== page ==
Politics, the economy, the pundits, the dark clouds gathering outside my window…they all had me discouraged until I read a recent article in the Capital Journal (Pierre, SD) about how elementary schools are using peace tables to help students talk through their conflicts. As with most things, there’s a lot we can learn from kids.
The teachers and principals who have put this idea into action in classrooms are doing several things simultaneously. Yes, they’re helping students solve actual problems that arise in a timely way, but they’re also teaching those children valuable communication skills while at the same time building in them the awareness that conflicts can be resolved together and in a way that transforms that conflict into energy for change.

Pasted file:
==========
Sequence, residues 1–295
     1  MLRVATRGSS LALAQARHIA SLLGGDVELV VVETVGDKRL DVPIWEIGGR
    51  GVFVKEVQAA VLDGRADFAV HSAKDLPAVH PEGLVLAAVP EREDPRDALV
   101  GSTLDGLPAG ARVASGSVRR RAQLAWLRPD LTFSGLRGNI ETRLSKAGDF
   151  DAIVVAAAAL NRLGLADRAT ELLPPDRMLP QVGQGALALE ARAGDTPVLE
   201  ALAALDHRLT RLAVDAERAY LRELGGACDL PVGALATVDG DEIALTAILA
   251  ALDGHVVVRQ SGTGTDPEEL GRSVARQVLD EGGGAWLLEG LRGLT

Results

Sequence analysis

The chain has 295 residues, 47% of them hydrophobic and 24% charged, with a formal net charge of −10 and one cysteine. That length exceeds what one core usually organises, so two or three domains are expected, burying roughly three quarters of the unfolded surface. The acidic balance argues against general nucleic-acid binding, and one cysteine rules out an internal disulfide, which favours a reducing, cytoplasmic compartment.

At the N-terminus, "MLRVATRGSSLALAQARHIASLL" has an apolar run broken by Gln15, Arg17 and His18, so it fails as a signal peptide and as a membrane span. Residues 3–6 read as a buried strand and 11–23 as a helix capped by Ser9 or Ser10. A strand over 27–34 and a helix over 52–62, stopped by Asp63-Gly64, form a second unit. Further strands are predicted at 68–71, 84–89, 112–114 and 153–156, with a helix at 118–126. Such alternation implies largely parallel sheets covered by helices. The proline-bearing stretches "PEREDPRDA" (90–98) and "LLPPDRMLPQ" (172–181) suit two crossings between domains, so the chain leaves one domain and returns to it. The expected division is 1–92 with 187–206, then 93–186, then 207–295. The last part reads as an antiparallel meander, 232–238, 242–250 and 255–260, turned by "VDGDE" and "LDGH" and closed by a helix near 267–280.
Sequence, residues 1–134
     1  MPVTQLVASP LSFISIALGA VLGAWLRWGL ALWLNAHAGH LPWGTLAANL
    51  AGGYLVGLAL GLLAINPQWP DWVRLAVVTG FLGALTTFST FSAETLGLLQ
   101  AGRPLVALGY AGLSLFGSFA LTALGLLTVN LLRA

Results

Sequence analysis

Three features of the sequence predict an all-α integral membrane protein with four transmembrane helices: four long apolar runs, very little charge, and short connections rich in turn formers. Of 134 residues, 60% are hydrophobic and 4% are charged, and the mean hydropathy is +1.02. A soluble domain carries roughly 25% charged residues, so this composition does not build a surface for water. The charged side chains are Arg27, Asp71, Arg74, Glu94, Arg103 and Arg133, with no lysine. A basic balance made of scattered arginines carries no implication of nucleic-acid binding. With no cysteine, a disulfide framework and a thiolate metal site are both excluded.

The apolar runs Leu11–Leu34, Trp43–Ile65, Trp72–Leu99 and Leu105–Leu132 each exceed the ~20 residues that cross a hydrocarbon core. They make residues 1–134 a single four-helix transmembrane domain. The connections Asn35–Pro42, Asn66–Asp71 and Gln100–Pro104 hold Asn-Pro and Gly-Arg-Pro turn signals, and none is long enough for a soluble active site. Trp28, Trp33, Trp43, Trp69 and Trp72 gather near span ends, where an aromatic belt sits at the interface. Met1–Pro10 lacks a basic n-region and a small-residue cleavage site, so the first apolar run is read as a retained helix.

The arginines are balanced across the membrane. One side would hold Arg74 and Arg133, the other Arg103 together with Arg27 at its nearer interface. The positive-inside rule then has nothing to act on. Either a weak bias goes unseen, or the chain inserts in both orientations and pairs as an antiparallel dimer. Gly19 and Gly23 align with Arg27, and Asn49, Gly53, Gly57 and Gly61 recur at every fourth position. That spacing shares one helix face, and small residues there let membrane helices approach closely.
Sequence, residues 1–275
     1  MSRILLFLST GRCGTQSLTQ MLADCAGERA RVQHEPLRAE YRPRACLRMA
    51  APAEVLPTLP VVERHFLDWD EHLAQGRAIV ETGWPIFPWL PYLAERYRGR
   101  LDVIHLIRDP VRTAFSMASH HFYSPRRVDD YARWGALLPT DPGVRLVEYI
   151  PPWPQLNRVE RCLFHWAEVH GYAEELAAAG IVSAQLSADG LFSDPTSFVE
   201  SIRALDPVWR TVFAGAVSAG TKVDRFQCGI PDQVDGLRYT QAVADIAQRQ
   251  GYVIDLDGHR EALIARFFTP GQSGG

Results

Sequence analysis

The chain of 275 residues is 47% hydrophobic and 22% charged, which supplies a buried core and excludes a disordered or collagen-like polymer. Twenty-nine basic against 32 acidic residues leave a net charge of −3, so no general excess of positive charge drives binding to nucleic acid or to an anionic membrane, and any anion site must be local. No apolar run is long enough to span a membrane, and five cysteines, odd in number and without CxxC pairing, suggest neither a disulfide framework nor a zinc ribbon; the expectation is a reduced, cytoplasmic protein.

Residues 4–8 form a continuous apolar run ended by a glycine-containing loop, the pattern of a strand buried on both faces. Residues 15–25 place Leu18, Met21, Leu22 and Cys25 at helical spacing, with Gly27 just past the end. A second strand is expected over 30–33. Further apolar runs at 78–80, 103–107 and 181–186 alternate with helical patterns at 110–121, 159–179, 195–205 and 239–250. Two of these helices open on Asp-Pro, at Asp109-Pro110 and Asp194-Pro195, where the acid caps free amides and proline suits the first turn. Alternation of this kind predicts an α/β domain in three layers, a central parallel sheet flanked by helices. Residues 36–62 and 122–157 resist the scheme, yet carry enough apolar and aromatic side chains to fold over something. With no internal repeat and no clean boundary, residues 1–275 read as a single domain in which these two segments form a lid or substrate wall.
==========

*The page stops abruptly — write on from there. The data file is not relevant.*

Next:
Over the last few years thousands of citizens across the three states and 23 Native nations the Bush Foundation serves have engaged in their own versions of peace tables. Whether the topic was tribal governance assessment and constitutional reform, state budget issues, health care reform, local government innovation, government redesign or myriad other issues that Bush Fellows and Native Nation Rebuilders have taken up, we are learning alongside citizens the hard and soft skills of civil society.
Hopefulness brightens the day. The rain is drenching the tomatoes that went into the ground last night.
And regarding those other distractions that had me gloomy, I’ve been reminded that we can work around them, together, just by looking each other in the eyes and talking civilly past our differences to solutions.
Talk Back to Bush
If you’ve participated in any of the Foundation’s several citizen engagement activities what did you take away from it? What tough conversations do you want to start in your community? What’s stopping you? We want to know what you think.